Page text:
I leaned back into the plush sofa and let my compatriots listen to the timorous sounds of their own egos, swirling my glass and watch dozens of tiny bubbles fly up to suicide themselves against the border of liquid gold. It made me feel slightly better.
Around me, ugly people in pretty clothes were eating tiny bites of food saturated in truffle oil. The women were leaving territorial marks of lipstick on everything they came into contact with – their glasses, their ornamental toothpicks, their husbands, other people’s husbands – all smeared in variations of Revlon red.
The men were standing around in clusters with their hands deep in their pockets. They were pretending not to watch the wait staff who flitted in and out, agile on impossibly precarious heels, skinny girls in short white dresses, obviously meant to blend in with the all white decor. How they could manage to keep the outside furniture sure a pristine shade, I couldn’t fathom. I imagine they must have to constantly retouch every surface, dry-clean the out fabrics on a regular basis, and tirelessly scrub the sand off the marble floor. All this so rich men with trophy wives could sip exotic drinks and feel like they have experienced the island.
Drumming my fingers on the armrest of the couch, I watched the wait-staff’s best efforts to discourage a growing army of pigeons from besieging the cocktail party. A small flock of birds had descended earlier, summoned by a single misplaced finger-sandwich. They wove skillfully in and out of the parade of leather driving moccasins and designer heels, pecking at cubes of tuna speckled with caviar, chunks of lobster, and the occasional proscuitto-wrapped melon ball. They seemed dressed for the party, with their feathers freshly preened and the iridescent purple-green shimmer of their plumage.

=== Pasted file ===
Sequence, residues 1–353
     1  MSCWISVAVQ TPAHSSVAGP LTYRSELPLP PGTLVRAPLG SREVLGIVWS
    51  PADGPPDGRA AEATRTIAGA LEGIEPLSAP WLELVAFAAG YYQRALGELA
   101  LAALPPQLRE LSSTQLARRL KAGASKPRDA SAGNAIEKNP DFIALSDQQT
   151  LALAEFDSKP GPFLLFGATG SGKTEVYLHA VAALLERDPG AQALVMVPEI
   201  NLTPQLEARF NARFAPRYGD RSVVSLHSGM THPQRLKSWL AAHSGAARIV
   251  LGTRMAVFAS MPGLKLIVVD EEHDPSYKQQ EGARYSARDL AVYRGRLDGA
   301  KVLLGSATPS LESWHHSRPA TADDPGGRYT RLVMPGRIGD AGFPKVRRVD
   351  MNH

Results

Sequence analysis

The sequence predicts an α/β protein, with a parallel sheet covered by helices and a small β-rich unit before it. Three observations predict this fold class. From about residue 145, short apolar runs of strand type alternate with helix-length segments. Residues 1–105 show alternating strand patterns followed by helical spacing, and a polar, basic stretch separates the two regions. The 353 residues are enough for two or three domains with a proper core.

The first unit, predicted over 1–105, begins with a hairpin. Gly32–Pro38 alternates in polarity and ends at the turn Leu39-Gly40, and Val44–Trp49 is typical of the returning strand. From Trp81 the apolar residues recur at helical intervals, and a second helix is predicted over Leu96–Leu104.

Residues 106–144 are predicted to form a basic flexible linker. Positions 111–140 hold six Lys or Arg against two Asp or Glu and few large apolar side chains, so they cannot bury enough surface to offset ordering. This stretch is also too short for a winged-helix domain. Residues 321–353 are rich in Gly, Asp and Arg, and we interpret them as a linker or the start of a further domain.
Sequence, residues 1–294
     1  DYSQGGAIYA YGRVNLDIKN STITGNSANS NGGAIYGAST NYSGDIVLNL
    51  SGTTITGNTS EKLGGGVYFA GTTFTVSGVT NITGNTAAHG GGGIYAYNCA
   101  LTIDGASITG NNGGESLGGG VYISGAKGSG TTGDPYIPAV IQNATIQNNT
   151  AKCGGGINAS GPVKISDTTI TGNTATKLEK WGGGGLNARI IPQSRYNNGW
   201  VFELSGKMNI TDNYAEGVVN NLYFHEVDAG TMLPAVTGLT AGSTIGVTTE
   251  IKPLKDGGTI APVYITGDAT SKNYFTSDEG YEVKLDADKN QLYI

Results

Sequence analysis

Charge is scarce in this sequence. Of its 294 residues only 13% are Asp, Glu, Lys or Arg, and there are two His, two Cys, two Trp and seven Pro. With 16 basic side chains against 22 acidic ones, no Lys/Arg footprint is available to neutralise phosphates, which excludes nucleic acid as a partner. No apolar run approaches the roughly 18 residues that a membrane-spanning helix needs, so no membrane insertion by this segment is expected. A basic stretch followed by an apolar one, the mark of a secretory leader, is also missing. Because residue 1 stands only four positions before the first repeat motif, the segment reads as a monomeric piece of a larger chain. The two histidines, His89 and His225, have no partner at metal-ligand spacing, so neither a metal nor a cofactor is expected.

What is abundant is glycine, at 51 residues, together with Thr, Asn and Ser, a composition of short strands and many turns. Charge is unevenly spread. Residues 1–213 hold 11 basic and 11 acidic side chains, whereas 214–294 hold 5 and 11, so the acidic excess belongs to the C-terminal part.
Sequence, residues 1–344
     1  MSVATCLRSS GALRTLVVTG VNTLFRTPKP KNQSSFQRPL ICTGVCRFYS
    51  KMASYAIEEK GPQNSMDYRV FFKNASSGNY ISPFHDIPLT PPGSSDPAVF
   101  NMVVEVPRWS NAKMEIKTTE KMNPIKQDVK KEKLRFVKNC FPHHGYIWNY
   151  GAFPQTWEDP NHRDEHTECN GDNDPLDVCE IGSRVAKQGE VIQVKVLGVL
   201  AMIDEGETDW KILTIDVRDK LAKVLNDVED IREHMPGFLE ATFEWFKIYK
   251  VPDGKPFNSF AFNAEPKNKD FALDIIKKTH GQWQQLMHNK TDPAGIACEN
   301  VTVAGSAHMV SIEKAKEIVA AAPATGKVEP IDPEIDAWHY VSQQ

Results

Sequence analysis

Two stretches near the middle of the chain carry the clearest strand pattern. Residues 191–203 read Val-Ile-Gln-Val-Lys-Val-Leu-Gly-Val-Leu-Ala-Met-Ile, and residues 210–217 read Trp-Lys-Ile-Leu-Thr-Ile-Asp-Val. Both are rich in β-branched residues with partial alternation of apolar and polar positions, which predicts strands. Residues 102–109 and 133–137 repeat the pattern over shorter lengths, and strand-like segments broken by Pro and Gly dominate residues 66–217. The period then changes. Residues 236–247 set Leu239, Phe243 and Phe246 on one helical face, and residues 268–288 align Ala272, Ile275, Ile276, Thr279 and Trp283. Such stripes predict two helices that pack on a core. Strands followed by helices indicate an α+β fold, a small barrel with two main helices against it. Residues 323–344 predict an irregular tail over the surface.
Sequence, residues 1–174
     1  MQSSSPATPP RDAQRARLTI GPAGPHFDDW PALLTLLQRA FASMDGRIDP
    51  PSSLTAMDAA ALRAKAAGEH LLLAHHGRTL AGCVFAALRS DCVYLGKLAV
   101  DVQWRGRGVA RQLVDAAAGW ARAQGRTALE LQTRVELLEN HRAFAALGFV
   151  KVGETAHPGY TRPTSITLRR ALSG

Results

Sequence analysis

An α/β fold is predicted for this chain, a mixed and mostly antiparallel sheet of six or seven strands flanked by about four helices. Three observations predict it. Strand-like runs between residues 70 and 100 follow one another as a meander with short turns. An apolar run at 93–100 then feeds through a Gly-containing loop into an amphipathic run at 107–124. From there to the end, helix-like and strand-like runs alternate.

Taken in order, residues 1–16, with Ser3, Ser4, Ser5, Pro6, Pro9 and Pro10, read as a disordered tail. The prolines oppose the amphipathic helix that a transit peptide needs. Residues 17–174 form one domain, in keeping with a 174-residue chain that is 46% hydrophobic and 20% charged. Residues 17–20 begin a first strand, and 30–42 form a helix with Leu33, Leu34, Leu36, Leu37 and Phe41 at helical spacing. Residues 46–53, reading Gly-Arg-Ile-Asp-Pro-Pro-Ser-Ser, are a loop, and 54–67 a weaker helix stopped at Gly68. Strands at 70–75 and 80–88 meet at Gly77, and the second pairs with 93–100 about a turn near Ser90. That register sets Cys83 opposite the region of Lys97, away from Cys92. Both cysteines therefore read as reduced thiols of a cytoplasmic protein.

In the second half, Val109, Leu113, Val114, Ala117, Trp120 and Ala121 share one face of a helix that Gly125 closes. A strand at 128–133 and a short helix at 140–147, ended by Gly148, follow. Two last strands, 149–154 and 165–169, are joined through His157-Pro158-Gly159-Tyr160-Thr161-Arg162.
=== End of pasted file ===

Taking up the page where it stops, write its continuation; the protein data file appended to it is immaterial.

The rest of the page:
When the squabbling over a duck confit empanada had more or less ended, a large grey male meandering in my direction fixed me with a beady eye. His bobbing head moving in rhythm with his pink-legged strut forcibly reminded me of the self-important, sauntering gait of my fiancé, who often walked in the wrong direction while looking as if he had somewhere to be. The pigeon, with his neck feathers plumped and his wings neatly arranged, clearly had plans for my untouched plate. Chuckling to myself, I dropped him an expensive sounding canapé. He scrambled over, his head bobbing frantically, wings askew. I pictured Laurent running after his latest celebrity client and burst out laughing as the whole flock came running over, cooing in alarm, feathers plump, jostling over the morsel. I left my feathery fiancé lookalike to fend for himself as the horde hopped up onto the seat I had vacated and pecked my whole selection of snacks to shreds.